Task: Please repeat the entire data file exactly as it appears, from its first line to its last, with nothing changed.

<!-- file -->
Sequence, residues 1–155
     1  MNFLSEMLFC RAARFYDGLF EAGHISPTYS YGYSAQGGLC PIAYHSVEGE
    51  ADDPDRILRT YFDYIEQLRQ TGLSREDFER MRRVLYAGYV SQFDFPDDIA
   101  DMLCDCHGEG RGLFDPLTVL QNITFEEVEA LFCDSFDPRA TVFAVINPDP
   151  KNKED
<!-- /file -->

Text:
Sequence, residues 1–155
     1  MNFLSEMLFC RAARFYDGLF EAGHISPTYS YGYSAQGGLC PIAYHSVEGE
    51  ADDPDRILRT YFDYIEQLRQ TGLSREDFER MRRVLYAGYV SQFDFPDDIA
   101  DMLCDCHGEG RGLFDPLTVL QNITFEEVEA LFCDSFDPRA TVFAVINPDP
   151  KNKED